The Village Stores

The village stores were situated at The Cross and known to have been trading as far back as the early 19th century, possibly even earlier. William Watson’s 1811 village plan of Seaton Ross clearly indicates the location of the property with its occupier to be Charles Beilby – Grocer.

The Beilby family traded at the premises for a number of years with Charles running the business during the early 19th century before his son Robert, took over running the family grocer’s during the mid 19th century. The business changed hands in the 1870’s, with Thomas Easingwood (a local farmer of 6 acres) becoming the new occupier.

Thomas only traded for a short period of time before George Johnson took over in the late 1870’s as grocer, provision dealer and carrier. George was one of the carriers who journeyed from Seaton Ross to The White Swan, Pavement, York each Saturday and Market Weighton on a Wednesday. George’s son, George Johnson jnr. took over as carrier to York and Market Weighton in the early 1900’s. The Johnson family ran the stores for many years. After George Johnson died in the early 1900s his wife Dorothy continued to run the business until the first world war.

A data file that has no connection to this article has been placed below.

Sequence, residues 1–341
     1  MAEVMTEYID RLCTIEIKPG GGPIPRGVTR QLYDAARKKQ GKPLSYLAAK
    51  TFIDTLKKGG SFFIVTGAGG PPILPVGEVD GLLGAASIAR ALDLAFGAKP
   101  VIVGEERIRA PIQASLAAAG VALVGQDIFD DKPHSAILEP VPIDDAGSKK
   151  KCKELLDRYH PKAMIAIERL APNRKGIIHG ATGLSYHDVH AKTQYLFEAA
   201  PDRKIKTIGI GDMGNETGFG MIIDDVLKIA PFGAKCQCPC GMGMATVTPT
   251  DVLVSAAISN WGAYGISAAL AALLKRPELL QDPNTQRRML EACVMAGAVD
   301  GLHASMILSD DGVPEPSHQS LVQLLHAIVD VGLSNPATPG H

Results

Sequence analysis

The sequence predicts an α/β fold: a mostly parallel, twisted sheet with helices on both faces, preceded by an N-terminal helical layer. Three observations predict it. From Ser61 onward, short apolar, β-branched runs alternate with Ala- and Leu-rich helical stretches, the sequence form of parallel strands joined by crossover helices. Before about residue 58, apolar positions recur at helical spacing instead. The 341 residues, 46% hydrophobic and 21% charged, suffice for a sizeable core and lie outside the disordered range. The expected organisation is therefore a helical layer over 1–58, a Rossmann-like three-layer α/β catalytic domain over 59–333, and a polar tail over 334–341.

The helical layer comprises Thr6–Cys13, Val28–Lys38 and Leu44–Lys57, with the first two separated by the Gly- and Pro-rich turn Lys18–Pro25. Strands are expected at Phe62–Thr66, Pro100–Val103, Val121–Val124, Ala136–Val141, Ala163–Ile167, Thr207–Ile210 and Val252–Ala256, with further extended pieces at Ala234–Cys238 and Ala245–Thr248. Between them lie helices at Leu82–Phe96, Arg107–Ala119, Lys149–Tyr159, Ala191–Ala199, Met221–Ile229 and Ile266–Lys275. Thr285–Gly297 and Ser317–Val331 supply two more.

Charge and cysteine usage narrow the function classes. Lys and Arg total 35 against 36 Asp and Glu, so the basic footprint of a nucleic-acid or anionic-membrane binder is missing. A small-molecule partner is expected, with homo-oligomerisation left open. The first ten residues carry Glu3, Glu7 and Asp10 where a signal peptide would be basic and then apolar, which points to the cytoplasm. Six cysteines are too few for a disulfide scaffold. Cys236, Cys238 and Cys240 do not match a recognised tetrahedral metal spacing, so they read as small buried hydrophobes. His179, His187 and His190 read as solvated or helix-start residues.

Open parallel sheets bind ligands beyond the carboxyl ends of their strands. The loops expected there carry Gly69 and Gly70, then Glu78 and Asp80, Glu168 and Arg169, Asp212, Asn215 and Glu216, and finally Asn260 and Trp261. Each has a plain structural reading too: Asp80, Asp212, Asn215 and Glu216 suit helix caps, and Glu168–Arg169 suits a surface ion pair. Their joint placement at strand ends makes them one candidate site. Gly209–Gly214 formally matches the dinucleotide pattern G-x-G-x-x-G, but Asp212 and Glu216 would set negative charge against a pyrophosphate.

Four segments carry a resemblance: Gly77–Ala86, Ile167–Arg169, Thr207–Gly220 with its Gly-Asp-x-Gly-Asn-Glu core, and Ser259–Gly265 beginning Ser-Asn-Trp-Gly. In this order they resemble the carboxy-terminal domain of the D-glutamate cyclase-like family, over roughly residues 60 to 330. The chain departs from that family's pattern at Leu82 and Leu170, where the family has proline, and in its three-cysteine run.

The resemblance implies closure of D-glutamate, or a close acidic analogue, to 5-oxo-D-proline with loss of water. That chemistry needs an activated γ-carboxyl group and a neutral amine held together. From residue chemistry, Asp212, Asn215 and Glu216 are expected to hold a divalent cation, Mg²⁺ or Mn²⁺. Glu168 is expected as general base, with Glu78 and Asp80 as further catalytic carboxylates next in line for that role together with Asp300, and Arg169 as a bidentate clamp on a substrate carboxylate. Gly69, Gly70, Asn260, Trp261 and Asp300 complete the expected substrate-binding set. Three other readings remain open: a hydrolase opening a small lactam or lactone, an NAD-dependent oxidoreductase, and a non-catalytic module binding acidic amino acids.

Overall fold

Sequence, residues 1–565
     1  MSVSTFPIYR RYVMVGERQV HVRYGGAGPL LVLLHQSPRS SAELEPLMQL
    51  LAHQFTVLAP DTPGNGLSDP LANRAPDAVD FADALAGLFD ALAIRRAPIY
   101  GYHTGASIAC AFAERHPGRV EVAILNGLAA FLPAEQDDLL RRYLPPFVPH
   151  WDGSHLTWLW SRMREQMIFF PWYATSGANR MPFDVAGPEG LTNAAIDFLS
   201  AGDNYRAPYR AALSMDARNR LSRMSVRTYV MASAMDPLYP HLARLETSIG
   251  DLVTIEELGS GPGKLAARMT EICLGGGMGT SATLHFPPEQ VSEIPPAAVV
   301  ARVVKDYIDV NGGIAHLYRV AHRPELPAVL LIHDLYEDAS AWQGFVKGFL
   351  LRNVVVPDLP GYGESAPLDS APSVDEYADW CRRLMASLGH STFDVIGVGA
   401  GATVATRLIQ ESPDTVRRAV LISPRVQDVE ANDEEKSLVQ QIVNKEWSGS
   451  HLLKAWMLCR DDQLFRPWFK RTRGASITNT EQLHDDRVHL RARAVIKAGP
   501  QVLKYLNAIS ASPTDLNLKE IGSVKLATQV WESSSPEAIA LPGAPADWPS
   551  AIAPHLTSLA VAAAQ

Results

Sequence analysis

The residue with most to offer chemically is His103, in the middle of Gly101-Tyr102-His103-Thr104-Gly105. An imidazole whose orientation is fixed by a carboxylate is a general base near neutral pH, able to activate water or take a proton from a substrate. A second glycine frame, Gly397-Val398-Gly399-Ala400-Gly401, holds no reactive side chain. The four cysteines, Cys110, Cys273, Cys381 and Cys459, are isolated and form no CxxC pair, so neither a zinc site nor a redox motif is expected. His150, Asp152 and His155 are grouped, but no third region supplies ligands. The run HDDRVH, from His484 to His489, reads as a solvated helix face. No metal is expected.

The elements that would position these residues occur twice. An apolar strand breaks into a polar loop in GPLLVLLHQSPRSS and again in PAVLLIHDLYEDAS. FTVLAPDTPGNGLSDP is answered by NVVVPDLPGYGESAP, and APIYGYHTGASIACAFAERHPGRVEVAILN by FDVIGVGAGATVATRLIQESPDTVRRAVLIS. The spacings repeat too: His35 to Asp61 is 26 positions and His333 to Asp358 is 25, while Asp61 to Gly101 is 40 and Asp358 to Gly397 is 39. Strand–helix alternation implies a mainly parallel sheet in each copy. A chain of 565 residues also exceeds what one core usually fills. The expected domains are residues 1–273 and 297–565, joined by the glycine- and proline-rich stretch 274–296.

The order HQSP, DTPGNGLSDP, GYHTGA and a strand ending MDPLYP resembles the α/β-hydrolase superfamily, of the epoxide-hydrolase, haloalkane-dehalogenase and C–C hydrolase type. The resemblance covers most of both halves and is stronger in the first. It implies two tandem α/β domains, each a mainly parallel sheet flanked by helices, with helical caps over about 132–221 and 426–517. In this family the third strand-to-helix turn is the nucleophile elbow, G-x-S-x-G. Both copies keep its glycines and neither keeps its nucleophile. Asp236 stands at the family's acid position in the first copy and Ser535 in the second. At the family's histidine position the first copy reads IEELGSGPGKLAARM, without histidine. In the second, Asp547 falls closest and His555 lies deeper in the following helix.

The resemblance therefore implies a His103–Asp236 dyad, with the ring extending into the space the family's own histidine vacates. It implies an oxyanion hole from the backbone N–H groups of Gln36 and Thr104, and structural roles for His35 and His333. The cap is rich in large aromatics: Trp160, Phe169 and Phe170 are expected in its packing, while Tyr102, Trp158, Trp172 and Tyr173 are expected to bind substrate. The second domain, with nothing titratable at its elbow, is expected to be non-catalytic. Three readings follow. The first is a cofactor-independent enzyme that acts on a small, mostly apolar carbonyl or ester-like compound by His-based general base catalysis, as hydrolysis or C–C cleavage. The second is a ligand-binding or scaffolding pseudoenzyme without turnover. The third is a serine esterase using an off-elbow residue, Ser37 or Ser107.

Dorothy carried on running the business at the stores through the First World War up until the early 1920s, by which time she was well into her eighties (Dorothy was 52 in 1891!). After 50 years plus of running the Village Stores at The Cross, the Johnsons moved on and the property was taken by the Market Weighton Co-operative Society becoming No. 2 Branch Seaton Ross. It remained a branch of the Co-operative until the latter part of the 20th century and eventually became an ironmongers shop.

The occupiers changed several times before the property became a private dwelling in the late 20th century.

The corner shop, alas, was gone and with it another part of Seaton Ross village history.

Malcolm Young

sharing Seaton Ross's history